Things couldn’t have started worse, but Camille and the racist old journey electrician focused on the job, and her training. Things got better. By the time she was done working with him, a transformation had occurred.
On their last day together, he told her, “You are going to make it. No matter what anyone says to you, you are going to make it on this job and I am going to be proud of you.”
“Yes, he is still alive and kicking,” says Camille, after the obvious question about what ultimately happened to him. “He is still ornery as hell. And I still give it back to him. We ended with a really good understanding.”
Now, Camille visits communities all over B.C. recruiting First Nations workers to be electrical workers or workers in other trades. She says things are getting better on job sites, and more First Nations and non-First Nations are educated about what is not acceptable at work.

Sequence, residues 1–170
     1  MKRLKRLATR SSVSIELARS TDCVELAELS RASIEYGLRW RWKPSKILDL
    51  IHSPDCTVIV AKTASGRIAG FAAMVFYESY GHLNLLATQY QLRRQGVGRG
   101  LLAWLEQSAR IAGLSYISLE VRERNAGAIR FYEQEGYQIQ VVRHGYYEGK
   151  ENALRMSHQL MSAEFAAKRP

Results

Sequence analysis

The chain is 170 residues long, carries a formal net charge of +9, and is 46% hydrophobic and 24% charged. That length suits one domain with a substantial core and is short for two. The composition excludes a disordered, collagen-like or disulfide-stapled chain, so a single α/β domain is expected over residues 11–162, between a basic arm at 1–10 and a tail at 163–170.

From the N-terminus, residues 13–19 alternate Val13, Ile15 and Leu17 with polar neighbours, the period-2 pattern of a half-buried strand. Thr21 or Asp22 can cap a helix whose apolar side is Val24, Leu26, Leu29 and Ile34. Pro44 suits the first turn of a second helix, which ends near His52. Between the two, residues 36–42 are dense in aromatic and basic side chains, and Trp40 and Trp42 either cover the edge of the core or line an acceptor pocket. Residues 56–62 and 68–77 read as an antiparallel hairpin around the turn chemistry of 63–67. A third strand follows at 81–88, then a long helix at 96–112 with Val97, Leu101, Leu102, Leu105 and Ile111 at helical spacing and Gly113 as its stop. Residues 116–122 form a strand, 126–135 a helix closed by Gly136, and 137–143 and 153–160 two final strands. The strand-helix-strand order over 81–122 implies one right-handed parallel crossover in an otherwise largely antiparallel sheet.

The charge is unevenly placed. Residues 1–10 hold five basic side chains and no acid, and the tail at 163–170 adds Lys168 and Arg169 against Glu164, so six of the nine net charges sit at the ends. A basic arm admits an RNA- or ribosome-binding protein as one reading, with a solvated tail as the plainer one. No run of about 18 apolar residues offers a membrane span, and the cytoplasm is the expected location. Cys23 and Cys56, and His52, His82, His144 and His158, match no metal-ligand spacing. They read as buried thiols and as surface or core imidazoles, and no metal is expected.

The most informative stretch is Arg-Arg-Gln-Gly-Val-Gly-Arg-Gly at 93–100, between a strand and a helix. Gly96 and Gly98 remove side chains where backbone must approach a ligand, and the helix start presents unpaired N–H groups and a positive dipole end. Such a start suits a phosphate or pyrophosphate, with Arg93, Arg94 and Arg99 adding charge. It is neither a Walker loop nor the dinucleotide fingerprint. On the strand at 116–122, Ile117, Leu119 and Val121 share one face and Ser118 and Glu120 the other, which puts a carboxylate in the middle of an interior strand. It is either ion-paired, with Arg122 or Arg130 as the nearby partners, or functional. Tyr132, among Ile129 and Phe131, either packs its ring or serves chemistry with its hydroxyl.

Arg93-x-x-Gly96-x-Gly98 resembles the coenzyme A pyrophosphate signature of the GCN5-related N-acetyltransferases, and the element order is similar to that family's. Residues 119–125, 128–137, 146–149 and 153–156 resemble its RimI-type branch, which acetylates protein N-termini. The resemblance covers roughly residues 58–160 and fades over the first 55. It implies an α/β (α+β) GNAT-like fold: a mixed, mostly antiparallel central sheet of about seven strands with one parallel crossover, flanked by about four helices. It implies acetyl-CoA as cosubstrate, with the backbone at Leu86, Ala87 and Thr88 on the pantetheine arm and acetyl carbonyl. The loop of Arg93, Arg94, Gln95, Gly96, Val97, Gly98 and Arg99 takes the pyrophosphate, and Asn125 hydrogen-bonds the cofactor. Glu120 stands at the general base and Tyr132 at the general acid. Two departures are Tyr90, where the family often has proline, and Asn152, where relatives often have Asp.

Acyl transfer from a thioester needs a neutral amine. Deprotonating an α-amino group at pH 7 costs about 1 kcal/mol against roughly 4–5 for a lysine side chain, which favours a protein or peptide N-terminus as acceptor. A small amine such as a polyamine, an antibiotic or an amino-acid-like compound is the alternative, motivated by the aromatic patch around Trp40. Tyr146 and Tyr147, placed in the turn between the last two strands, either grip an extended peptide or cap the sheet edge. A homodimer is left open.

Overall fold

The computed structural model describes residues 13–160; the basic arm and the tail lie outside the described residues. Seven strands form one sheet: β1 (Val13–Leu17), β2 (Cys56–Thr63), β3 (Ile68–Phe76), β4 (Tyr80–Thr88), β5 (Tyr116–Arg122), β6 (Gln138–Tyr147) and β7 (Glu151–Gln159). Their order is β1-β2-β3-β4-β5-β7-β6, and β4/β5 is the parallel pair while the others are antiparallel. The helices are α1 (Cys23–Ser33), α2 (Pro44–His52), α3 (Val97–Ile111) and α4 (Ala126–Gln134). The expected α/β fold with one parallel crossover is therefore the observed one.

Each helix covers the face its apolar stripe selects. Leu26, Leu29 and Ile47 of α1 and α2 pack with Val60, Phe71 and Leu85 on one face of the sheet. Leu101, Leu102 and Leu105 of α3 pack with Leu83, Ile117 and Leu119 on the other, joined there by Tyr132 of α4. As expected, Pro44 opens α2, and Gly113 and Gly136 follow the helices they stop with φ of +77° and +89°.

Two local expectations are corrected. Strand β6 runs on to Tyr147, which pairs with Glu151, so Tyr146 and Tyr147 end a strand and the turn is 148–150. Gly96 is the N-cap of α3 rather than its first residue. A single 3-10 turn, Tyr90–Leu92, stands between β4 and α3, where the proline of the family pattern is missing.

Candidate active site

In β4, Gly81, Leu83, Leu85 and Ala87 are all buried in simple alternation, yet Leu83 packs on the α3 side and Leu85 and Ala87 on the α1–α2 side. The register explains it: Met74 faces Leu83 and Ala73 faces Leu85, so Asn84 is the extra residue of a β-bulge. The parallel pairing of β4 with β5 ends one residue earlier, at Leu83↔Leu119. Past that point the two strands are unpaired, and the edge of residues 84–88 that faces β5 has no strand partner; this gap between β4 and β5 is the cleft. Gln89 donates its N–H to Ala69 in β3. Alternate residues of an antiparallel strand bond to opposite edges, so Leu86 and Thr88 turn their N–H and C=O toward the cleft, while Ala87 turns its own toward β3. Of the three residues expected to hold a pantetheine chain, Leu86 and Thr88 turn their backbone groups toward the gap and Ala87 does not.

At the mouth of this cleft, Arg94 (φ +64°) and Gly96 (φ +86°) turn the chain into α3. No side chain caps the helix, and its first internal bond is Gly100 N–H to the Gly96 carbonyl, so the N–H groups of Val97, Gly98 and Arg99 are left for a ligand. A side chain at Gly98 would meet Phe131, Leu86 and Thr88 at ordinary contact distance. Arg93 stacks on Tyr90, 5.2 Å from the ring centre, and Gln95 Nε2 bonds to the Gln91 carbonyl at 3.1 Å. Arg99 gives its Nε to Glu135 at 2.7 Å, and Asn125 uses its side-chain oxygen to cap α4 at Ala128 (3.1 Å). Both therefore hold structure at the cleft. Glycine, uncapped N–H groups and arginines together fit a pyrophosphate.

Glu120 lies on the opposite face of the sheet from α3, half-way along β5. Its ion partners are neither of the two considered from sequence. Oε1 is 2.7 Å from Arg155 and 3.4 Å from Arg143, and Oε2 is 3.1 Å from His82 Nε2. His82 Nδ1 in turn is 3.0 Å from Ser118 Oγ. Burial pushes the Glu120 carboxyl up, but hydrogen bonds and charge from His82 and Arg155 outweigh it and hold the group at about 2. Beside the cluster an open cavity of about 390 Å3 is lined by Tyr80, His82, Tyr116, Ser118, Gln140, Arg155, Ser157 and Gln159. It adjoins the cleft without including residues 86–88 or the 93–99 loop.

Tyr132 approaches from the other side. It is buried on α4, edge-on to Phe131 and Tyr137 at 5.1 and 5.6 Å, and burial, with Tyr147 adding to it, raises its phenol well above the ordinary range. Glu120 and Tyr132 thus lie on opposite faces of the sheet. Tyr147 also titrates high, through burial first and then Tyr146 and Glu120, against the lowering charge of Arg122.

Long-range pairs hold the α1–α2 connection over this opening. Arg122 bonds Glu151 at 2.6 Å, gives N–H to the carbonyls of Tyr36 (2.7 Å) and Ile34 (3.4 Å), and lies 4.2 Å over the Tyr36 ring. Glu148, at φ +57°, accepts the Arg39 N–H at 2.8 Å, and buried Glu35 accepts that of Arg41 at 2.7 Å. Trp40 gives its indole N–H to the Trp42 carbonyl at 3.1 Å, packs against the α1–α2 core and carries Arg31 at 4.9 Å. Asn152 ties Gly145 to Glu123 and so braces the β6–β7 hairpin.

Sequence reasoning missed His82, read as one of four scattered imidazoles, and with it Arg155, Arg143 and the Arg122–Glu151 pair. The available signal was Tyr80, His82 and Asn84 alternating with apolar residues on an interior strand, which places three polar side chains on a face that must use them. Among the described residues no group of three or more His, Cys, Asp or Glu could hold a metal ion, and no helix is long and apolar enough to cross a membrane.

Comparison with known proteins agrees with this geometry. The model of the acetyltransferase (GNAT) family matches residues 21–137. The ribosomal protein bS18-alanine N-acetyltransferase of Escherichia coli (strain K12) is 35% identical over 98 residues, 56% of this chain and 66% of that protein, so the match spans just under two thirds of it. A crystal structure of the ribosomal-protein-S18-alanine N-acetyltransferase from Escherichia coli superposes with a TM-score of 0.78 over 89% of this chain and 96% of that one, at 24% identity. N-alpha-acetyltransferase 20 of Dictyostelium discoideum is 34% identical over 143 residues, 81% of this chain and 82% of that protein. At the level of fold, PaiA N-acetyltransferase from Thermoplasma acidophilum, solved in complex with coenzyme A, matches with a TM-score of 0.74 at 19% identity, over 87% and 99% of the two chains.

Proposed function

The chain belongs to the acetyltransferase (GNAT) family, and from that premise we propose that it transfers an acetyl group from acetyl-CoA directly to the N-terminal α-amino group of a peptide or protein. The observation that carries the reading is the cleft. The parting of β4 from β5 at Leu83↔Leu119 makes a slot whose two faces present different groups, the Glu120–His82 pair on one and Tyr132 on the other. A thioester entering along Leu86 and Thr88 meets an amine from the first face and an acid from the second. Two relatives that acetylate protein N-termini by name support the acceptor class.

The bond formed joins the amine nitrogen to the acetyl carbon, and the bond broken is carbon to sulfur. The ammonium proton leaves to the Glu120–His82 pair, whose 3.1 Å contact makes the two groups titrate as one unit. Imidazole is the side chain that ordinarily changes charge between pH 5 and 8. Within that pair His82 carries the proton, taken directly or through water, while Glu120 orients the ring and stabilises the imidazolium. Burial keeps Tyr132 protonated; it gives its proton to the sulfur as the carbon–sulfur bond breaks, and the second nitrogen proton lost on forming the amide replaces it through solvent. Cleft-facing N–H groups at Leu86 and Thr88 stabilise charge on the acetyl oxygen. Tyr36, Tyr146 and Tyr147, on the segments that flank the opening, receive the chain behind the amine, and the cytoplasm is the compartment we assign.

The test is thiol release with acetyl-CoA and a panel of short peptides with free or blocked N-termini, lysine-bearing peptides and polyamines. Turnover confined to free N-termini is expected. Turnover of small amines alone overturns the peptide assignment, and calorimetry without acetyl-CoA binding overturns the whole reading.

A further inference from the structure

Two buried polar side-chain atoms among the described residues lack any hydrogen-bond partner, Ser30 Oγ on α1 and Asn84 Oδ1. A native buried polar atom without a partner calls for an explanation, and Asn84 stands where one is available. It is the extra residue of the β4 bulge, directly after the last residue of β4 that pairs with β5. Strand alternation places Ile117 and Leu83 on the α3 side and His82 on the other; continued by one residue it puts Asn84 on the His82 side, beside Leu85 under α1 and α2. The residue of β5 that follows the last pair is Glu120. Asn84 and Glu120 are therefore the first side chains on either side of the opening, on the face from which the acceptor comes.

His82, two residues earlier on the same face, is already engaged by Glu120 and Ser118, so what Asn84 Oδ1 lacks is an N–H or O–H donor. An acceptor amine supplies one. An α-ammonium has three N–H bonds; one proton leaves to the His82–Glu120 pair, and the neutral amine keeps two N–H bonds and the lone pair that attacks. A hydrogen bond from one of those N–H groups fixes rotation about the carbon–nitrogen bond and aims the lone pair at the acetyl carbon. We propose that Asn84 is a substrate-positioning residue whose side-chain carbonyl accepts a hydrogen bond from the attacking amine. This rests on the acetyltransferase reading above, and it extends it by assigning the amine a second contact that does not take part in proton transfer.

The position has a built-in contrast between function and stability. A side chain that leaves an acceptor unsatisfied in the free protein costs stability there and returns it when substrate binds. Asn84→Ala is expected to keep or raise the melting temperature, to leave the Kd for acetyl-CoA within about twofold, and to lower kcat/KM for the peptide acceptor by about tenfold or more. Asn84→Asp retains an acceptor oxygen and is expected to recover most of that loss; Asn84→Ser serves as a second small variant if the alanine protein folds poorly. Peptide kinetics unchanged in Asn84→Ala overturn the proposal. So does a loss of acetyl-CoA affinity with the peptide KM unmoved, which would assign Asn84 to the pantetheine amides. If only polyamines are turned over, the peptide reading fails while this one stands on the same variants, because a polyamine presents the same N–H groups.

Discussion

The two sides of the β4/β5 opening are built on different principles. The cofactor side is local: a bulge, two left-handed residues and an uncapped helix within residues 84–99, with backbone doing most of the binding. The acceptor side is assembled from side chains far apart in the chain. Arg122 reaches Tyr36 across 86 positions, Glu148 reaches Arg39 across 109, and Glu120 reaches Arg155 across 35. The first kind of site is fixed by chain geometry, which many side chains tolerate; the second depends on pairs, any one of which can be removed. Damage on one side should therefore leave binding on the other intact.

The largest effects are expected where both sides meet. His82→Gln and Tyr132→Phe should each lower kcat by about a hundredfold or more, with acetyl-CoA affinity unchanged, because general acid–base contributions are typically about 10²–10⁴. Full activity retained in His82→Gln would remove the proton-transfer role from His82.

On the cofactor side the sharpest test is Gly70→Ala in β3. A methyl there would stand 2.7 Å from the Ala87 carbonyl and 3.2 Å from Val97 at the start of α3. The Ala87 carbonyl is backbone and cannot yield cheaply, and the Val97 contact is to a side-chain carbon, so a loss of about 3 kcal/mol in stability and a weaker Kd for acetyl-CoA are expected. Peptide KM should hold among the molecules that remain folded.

When Camille finds First Nations members interested in pursuing a career as an electrician, she directs them to the IBEW’s Workplace Alternative Trades Training (WATT), a three-week introductory course in Victoria.
The times they are a changin’
Camille has only worked on jobs with other women a half dozen times in the past 14 years. Evidence that things are improving can be found at the new Kamloops Hospital construction project.
“At the Kamloops Hospital, there are actually five female electricians working that job. Out of the five, two are journeys and three are apprentices.
Local 993, has 710 members. Of the 570 journeymen, 20 are women and five are First Nations women. Of the 140 apprentices, 36 are women and nine are First Nations.
CBAs: More benefits than just those on the blueprint
Constructing B.C. bridges, highways and rapid transit is about more than building critical infrastructure.